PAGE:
There's still a couple of months before Donald Trump takes office, but his win has already sent shockwaves through the immigrant community, some who fear the potential consequences of his election.
At a gathering in the border town of San Juan, members of the immigrant advocacy group, LUPE, have the looks of caution and concern written on their faces.
“All morning, the situation here at the office has been very, very difficult because a lot of our members are immigrants. There’s a lot of fear in the immigrant community,” said LUPE Executive Director Juanita Valdez-Cox
Rather than shattering a glass ceiling with Clinton, they said their hopes are now shattered with the election of Donald Trump.
Donna resident Emeteria De La Rosa came to LUPE with her sister, Maria Saenz, who says Trump’s win prompted her to seek citizenship after living in the U.S. for nearly 40 years.
Saenz said she feels as if part of what made America so special is now gone.
For Hilda Patino, a ‘dreamer’ who has benefited by President Obama’s Deferred Action program (DACA), it’s a hard pill to swallow. She was brought here from Mexico by her parents when she was 14 years old. She’s now 31 years old with 2 children, one of whom asked her if she would be deported, once Trump takes office.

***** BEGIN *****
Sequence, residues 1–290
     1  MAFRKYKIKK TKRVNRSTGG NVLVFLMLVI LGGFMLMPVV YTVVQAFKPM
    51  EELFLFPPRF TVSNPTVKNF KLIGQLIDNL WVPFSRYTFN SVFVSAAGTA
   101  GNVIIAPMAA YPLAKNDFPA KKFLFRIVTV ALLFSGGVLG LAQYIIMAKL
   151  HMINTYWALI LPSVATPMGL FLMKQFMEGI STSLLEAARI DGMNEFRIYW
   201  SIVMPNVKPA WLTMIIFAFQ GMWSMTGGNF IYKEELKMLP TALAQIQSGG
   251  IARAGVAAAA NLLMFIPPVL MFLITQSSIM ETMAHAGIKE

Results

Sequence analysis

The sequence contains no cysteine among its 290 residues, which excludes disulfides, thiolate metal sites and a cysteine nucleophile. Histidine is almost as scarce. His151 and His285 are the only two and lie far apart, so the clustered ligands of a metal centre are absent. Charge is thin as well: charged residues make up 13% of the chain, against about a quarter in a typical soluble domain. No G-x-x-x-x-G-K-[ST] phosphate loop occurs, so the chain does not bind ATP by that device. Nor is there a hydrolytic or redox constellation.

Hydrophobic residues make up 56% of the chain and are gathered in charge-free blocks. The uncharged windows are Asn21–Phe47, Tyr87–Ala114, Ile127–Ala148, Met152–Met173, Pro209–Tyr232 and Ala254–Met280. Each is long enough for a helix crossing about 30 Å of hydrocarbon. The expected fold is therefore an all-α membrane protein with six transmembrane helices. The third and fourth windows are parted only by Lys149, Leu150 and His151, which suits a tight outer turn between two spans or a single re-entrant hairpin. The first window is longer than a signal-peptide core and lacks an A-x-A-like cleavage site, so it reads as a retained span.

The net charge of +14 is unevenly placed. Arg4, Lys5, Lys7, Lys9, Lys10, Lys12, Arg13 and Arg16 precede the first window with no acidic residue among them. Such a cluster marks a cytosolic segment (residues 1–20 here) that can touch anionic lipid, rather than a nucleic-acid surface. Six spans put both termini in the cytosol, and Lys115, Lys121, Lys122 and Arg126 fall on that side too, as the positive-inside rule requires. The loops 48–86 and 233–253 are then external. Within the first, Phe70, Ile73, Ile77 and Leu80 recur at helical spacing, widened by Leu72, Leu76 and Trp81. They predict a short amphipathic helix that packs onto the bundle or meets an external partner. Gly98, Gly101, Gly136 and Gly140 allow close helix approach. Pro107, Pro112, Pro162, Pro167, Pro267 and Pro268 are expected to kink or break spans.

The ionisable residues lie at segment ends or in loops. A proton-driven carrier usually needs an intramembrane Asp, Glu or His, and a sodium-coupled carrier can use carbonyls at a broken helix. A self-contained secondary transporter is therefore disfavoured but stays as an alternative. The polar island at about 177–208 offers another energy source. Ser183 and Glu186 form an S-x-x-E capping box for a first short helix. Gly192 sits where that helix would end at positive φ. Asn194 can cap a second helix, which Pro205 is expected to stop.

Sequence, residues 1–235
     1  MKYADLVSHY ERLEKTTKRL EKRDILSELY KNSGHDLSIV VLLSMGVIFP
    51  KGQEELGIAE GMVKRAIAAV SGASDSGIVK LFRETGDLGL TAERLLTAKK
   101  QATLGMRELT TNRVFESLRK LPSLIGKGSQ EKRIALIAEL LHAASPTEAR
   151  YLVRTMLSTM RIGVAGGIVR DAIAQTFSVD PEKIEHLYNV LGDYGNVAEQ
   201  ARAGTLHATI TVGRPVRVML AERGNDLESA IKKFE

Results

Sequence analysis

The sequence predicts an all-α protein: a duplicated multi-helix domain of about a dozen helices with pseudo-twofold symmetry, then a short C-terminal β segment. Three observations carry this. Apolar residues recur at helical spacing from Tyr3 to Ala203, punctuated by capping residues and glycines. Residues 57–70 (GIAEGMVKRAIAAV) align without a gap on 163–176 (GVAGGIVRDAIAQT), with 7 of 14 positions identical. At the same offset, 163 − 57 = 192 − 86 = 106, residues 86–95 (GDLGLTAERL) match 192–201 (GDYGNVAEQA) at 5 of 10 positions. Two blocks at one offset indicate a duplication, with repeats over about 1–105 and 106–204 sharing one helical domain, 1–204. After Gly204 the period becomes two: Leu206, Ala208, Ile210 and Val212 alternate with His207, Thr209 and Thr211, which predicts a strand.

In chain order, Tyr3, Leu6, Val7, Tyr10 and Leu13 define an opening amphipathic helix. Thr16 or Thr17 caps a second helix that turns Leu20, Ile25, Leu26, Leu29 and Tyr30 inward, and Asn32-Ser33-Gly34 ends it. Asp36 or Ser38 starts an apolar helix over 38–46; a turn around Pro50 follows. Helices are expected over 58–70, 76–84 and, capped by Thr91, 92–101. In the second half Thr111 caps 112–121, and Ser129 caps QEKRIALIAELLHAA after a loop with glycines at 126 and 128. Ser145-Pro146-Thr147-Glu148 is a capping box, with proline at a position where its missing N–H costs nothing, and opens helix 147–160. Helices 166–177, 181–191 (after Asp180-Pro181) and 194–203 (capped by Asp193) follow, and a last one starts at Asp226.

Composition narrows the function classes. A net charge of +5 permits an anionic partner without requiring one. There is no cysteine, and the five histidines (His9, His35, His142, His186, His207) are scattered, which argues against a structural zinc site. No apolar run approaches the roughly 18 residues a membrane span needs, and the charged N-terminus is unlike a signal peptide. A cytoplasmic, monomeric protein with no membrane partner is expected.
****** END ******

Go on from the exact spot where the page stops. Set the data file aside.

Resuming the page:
Patino is not able to vote. She said it’s as if she wasn’t able to decide on her future, a future now in the hands of Trump.
A power he now has and intends to use, just as he stated in a ‘contract’ with the American public.
Trump pledges to “cancel every unconstitutional executive action” in his first 100 days in office.
That would include eliminating deferred action plans for immigrant children who came here with their families and the undocumented parents of American children.
Valdez-Cox said part of the plan they will set forth will be to make sure their members are well versed in their rights in the event of any sort of retaliation and also to help calm their fears.
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